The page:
Latest Diatom Stories
A team of marine scientists has found that toxin-producing algae once thought to be limited to coastal waters are also common in the open ocean, where the addition of iron from natural or artificial sources can stimulate rapid growth of the harmful algae.
Researchers in India have demonstrated that microscopic aquatic creatures could be used as the ecological equivalent of a canary in a coalmine for assessing inland freshwater lakes and ponds.
A new paper by researchers at George Mason University and the University of Otago in New Zealand shows a strong link between the diversity of organisms at the bottom of the food chain and the diversity of mammals at the top.
Eutrophication of the seas may have an impact on genetic variation in algae, research at the University of Gothenburg shows.
Palynomorphs from sediment core give proof to sudden warming in mid-Miocene era.
Observations made by Southampton scientists help understand the massive blooms of microscopic marine algae â€“ phytoplankton â€“ in the seas around Madagascar and its effect on the biogeochemistry of the southwest Indian Ocean.
Amongst the smallest micro-algae belonging to the group of so-called haptophytes(1) , considerable diversity has recently been demonstrated in our oceans. Scientists from the Marine Biology Laboratory in Roscoff and Oceanographic Laboratory in Villefranche sur Mer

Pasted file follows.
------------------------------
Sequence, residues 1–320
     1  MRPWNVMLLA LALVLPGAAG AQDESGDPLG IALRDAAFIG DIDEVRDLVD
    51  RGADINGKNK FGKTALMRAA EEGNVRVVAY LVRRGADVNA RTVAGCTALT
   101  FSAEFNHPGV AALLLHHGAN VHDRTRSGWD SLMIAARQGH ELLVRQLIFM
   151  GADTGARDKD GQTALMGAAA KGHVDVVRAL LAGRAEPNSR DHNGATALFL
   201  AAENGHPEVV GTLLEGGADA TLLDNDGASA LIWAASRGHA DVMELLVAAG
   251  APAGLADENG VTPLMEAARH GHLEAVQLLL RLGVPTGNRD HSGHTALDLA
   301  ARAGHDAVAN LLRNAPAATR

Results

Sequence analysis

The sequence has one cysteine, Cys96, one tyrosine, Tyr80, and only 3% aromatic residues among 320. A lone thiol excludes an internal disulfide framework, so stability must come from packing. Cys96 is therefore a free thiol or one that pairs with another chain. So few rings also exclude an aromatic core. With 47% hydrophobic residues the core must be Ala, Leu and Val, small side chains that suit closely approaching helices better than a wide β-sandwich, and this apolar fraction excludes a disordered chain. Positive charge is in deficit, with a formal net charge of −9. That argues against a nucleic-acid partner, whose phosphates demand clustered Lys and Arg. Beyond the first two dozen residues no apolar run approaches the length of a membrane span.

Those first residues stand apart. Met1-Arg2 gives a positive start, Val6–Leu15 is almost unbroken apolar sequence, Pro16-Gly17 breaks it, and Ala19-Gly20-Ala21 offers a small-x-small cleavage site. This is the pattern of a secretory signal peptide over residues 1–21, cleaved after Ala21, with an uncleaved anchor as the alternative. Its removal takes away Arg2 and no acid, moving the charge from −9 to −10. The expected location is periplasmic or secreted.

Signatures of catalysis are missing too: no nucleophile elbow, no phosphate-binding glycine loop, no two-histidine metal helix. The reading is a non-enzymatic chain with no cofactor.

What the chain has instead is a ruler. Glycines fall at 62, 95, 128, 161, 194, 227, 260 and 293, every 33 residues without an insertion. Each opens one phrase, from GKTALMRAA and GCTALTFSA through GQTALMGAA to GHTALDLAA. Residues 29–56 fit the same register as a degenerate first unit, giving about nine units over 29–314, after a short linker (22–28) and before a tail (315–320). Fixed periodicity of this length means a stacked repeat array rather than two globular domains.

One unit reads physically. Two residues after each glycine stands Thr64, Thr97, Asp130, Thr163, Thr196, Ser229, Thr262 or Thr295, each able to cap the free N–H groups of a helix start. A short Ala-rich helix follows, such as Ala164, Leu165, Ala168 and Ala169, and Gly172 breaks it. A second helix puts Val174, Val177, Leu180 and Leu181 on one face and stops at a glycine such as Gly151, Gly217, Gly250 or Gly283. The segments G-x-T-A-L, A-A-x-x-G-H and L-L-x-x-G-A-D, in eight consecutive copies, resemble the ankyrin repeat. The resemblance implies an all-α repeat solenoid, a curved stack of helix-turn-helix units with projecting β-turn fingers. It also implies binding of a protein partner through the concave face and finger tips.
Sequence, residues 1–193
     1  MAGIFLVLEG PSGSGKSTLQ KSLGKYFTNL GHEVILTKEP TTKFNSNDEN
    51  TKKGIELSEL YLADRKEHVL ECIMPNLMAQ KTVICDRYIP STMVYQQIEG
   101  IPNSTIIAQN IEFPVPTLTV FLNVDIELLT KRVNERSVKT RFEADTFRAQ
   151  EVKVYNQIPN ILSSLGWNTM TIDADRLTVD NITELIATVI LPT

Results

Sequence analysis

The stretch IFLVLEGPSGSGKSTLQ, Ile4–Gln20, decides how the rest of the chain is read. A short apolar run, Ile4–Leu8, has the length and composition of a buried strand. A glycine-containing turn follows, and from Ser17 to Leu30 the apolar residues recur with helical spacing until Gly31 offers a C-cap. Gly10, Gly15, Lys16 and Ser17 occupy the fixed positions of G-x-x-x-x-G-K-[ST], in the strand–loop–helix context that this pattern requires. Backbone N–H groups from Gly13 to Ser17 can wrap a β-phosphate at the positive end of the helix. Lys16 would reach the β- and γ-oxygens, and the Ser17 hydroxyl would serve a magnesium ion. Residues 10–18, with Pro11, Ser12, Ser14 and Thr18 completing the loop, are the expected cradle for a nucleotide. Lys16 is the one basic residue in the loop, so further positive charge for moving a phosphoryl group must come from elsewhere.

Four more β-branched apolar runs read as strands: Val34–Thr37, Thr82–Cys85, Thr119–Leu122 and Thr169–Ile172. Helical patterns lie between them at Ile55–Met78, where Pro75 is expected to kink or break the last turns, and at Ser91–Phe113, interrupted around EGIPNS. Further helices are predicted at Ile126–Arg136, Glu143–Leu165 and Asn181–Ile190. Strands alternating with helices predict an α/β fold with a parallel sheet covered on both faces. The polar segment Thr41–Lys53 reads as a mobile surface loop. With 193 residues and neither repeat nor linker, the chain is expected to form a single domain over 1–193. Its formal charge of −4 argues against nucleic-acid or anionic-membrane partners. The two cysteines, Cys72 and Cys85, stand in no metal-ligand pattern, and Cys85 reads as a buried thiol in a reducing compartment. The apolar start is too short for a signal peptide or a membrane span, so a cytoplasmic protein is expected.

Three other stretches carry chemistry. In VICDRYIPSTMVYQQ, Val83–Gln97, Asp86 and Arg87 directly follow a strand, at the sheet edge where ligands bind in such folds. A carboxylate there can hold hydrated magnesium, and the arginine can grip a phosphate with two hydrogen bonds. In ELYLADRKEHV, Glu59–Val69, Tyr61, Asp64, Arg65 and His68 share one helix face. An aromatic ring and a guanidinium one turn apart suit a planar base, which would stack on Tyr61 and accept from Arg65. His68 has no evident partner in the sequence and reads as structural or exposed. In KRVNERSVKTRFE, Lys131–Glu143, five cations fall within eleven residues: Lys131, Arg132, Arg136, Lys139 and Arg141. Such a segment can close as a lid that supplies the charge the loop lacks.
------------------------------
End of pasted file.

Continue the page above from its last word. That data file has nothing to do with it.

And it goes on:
Significant sea ice formation occurred in the Arctic earlier than previously thought is the conclusion of a study published this week in Nature.
New evidence for ice-free summers with intermittent winter sea ice in the Arctic Ocean during the Late Cretaceous â€“ a period of greenhouse conditions - gives a glimpse of how the Arctic is likely to respond to future global warming.
Southampton scientists have demonstrated an unexpected role of iron in regulating biological production in the high-latitude North Atlantic. Their findings have important implications for our understanding of ocean-climate interactions.
The wharf roach (Ligia exotica) is a species of sea slater and crustacean that is thought to be native to the Mediterranean Sea and Western Europe, although some experts suggest it is native to the Pacific Ocean and Indian Ocean. It can be found in many temperate and tropical waters throughout the world, most likely due to unintentional shipping. This lives in crevices of rocks and cliffs just above the water line, as well as in jetties and the walls of harbors. The wharf roach reaches a...
- An armed gangster.